UIC Polish literary scholar wins career achievement award
Michał Paweł Markowski, the Stefan and Lucy Hejna Family Chair in Polish Language and Literature at the University of Illinois at Chicago, is the recipient of the American Association of Teachers of Slavic and East European Languages’ 2016 award for outstanding contribution to scholarship.
Markowski, who is also professor and head of Slavic and Baltic languages and literatures at UIC, will be honored at a Feb. 3 ceremony during the association’s annual conference in San Francisco. He will present the keynote at the following year’s meeting.
Markowski is the author, editor, or translator of more than 30 books and 200 essays on Polish literature, literary theory, and general humanities. Recent works include “Politics of Sensitivity: Introduction to the Humanities,” as well as numerous collections of essays; the most recent of which, “The Dribble,” was short-listed in Poland for the prestigious literary Gdynia Award.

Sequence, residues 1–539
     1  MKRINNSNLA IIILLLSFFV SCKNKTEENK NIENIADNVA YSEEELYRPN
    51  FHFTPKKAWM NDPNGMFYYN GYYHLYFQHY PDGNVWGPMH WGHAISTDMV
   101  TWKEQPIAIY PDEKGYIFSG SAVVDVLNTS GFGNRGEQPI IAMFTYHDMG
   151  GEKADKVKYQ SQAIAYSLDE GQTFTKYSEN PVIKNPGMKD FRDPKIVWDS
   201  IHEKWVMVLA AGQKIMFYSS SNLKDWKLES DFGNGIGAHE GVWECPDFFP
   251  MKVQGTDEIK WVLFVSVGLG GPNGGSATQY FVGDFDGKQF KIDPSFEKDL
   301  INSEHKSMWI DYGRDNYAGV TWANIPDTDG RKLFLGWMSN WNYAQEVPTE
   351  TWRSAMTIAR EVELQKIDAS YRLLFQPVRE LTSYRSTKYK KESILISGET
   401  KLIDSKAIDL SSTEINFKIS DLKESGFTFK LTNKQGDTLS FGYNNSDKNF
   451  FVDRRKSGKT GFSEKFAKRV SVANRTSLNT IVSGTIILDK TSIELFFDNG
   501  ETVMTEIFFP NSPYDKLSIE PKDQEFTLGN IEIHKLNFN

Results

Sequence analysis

“Day on Earth,” a collection of his fictional and nonfictional writings accompanied by a selection of photographs, was long-listed in 2015 for the Angelus Prize, which honors the best books from Central Europe published in Poland.
His previous honors include Kraków, Poland’s Kazimierz Wyka Award for literary criticism and essay writing; the Polish Academy of Sciences’ Alexander Brückner Award for best Polish scholar in the humanities; the Koscielscy Prize in literature for his essay writing; and the Polish Science Foundation’s master grant for research. The latter supported his project, “The Humanities After Deconstruction,” and a related international conference.
Markowski is the artistic director of the annual Joseph Conrad International Literary Festival in Kraków and is an editorial board member of the journal Slavic Review. He is also a photographer and cultural commentator for Polish magazines.
Prior to arriving at UIC in 2010, he served as director of the Centre for Advanced Studies in the Humanities and chairman of international Polish studies at Jagiellonian University in Kraków.
The American Association of Teachers of Slavic and East European Languages, founded in 1941, exists to advance the study and promote the teaching of Slavic and East European languages, literatures, and cultures on all educational levels, from elementary through graduate school.